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Friday, November 8, 2002
++ Twoism Examined
++ Hold that bid! If you're about to drop serious clams on that elusive copy of Boards of Canada's Twoism EP, you might want to read on.
Amongst collectors of IDM ("Intelligent Dance Music"), there are often considered to be two holy grails: Legofeet, the release that launched Skam records in 1990 or 1991 (the Skam Web site itself is unclear on the date), and Twoism, the first (confirmed) vinyl release from the Scottish duo Michael Sandison and Marcus Eoin whose 1998 album Music Has the Right to Children (Skam/Warp) established them as one of the brightest lights in leftfield electronica.
As is the case with holy grails, the very existence of both objects has been a matter of debate, especially in forums like the IDM list. Skam's second record, the first Gescom EP, didn't appear until 1994, and by 1996, when the label began to attract attention thanks to a critical mass of releases from Gescom and then-new artists like Jega, Bola, and Boards of Canada, Skam 01 had become mostly a matter of myth. It wasn't until the 1997 release of the Skampler label compilation, which excerpted the Legofeet EP, that the record's existence was confirmed. The original, however, remained exceptionally rare: when the occasional copy trickled onto eBay, it sold for hundreds of dollars.
++ BoC's Twoism was, if anything, even more mysterious. Skam founders Andy Maddocks and Rob Hall had always been known for keeping their movements obscure, but Boards of Canada were downright obfuscatory, and misinformation flowed freely. Sandison and Eoin lived on a rural commune outside Edinburgh. They were brothers. They'd been recording music since the mid-1980s, with cassette-only and limited vinyl releases galore. When Twoism turned up on an online discography, complete with cover images, IDM listmembers debated the veracity of the listing.
Recorded in 1995, limited to 100 copies and distributed by the band themselves, Twoism did in fact exist, and occasional auction sales only reinforced the object's covetable reputation: one copy reportedly sold for as high as 800 pounds sterling. (That's the equivalent of about $1,300 US!)
Finally, though, Twoism is receiving a wider commercial release. Warp Records is reissuing the nine-song record on both vinyl and CD. Available on Nov. 25, the record was offered up for pre-order this week on Warpmart, Warp's online store. A few holders of the original apparently tried to dump their stock before its value collapsed: one copy, offered for an opening bid of $180 on eBay, on October 29, remained unsold when the auction closed on November 5, with no bids registered. Another seller, only a few days earlier, did better: that person pocketed 125 pounds off the auction's sole bidder when the auction closed on October 31. One wonders if the bidder had heard the news when he placed his bid and if not, whether he's kicking himself now. Warp's site announced Twoism preorders the following day. Ouch!
++ Readers are also no doubt wondering if the record is even worth a re-release. Boards of Canada have refined their sound, over the course of two LPs and a handful of singles, with such a singularity of focus that each successive release almost blots out those that come before. When my advance copy arrived and I tore open the mailer to discover a generically printed CD sitting forlorn in an unadorned jewel case, I couldn't help but feel a bit of a letdown, and I actually put off playing the thing for a week, avoiding the expected disappointment.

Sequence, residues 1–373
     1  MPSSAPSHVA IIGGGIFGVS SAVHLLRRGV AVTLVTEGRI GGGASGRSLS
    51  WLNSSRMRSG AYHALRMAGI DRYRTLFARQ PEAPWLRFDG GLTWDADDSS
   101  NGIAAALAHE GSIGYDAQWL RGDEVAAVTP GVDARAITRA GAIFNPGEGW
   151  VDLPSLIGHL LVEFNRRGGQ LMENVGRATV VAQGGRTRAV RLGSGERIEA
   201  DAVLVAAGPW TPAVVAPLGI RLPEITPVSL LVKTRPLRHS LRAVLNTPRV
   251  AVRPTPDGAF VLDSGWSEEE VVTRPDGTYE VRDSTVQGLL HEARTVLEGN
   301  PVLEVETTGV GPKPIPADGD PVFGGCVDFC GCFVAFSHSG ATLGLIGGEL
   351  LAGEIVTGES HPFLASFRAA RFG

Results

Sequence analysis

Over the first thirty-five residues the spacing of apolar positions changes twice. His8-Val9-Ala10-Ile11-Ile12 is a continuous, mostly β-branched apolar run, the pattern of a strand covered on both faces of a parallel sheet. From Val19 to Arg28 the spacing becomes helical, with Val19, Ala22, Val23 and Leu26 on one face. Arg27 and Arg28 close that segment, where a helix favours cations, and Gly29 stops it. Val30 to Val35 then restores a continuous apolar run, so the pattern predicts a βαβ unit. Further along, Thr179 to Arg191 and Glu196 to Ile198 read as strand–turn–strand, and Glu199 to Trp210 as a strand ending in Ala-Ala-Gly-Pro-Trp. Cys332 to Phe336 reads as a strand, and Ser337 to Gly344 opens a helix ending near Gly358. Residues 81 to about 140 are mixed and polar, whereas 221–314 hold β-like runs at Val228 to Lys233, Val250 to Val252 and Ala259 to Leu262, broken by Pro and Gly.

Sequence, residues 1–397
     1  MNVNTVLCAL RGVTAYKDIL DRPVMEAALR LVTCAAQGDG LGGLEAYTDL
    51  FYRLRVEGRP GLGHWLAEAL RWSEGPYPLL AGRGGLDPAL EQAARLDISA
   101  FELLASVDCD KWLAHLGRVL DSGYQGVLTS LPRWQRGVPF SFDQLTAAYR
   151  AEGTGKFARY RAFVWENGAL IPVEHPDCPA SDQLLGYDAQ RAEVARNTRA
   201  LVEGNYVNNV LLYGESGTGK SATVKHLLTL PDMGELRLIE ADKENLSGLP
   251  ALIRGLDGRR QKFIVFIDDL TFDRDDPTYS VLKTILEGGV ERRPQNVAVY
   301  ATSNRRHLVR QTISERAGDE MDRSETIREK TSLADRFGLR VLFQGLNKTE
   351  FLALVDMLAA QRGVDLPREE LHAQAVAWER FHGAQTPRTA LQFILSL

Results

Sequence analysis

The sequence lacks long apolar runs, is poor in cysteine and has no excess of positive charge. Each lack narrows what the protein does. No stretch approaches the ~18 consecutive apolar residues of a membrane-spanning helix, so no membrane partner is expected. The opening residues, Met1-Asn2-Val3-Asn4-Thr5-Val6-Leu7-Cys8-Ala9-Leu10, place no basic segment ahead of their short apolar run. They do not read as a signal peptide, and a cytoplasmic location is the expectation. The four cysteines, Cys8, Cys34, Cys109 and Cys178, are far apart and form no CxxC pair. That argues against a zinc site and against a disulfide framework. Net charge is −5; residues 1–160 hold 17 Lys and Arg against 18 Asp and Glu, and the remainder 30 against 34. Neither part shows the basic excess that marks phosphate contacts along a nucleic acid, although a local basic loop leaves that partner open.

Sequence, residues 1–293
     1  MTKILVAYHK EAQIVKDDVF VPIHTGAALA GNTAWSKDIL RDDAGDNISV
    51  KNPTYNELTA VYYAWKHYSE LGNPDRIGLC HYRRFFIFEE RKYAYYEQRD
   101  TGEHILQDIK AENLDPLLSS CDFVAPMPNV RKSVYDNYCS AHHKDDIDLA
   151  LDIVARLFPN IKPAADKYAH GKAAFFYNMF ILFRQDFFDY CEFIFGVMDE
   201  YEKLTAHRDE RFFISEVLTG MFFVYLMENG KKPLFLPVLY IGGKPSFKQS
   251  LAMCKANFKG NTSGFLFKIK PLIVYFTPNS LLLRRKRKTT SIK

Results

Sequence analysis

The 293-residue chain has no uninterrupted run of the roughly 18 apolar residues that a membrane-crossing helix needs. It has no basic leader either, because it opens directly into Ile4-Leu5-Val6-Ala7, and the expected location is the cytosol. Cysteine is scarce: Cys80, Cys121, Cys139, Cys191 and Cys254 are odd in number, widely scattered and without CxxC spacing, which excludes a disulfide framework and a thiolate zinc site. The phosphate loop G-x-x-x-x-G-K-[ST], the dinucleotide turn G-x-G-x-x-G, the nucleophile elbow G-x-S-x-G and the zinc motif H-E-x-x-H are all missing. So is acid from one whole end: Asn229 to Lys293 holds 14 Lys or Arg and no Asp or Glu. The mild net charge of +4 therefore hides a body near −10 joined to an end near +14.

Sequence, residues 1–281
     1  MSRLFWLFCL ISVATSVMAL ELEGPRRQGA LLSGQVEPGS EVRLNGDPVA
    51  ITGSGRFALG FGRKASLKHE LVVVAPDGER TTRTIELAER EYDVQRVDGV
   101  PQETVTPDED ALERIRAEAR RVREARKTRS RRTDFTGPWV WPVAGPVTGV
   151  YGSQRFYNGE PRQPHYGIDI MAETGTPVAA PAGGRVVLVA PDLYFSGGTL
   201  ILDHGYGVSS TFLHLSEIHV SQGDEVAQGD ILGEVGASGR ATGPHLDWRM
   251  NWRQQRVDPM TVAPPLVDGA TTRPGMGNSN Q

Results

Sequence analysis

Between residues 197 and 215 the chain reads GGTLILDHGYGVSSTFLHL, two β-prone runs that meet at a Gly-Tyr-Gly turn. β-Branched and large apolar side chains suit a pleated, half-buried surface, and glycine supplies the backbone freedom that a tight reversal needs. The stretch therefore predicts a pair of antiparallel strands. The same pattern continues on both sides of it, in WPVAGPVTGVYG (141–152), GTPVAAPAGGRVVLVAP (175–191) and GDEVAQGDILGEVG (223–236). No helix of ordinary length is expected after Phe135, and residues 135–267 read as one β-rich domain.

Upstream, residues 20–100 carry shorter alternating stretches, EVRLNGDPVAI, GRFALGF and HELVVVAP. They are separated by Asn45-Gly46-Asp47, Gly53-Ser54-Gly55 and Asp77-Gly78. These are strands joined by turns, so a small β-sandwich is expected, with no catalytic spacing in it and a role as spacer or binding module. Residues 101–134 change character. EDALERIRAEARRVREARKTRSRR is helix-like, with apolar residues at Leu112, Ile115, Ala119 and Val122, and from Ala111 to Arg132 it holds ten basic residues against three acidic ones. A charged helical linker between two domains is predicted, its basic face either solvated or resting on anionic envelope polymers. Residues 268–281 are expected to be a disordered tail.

As an aside, I remember now that last time I wrote about a new Boards of Canada release this year's phenomenal Geogaddi it was also within the context of disappointment, or rather the risks of disappointment that come with a well-loved band. It's odd, because I don't consider myself an obsessive fan of Boards of Canada; perhaps these are simply the inevitable consequences when hype and mythmaking run unchecked.
As it turns out, the re-issue is well deserved. While not as lush, by and large, as Geogaddi, or even Music Has the Right to Children, it shares those records' palette of detuned analog chimes. While the beats aren't nearly as complex as on later records, the seeds are there in the form of clunky beatbox samples and crunchy snares reminiscent of boots on icy snow.
Fans of 1996's Hi-Scores EP (which, incidentally, is slated for reissue by Skam this month) will recognize "Seeya Later," included on both Twoism and the later EP. The interlude-like "Smokes Quantity," included on Music Has the Right to Children, also derives from Twoism a detail that throws a minor wrench in theories about their musical progress, as it's clear that even in 1995 the group was well on the way to perfecting its signature sour psychedelia.
There's also a refreshing naïveté here: "Iced Cooly" has all the Boards of Canada trademarks, but there's something uncharactersitically jaunty, almost circus-like about it. But tracks like "Basefree" and "Twoism" are so steeped in the BoC style the melted-tape quality, the nodding beats, the shuffle, the half-heard voices in the background that it's almost uncanny.
++ Every song Sandison and Eoin have ever written, it seems, is a remix of themselves, and one wonders whether they're pursuing some asymptotal path to perfection, or running from influences that pursue them as doggedly as a can tied to their tails. Whatever the case, Twoism fills in their history, and complicates it. Geogaddi may be the most advanced record they've ever made. But if it's the perfection of an ideal type they're after, the Twoism re-issue and the seven years of perspective that come with it suggests that they just may have nailed it on the first try.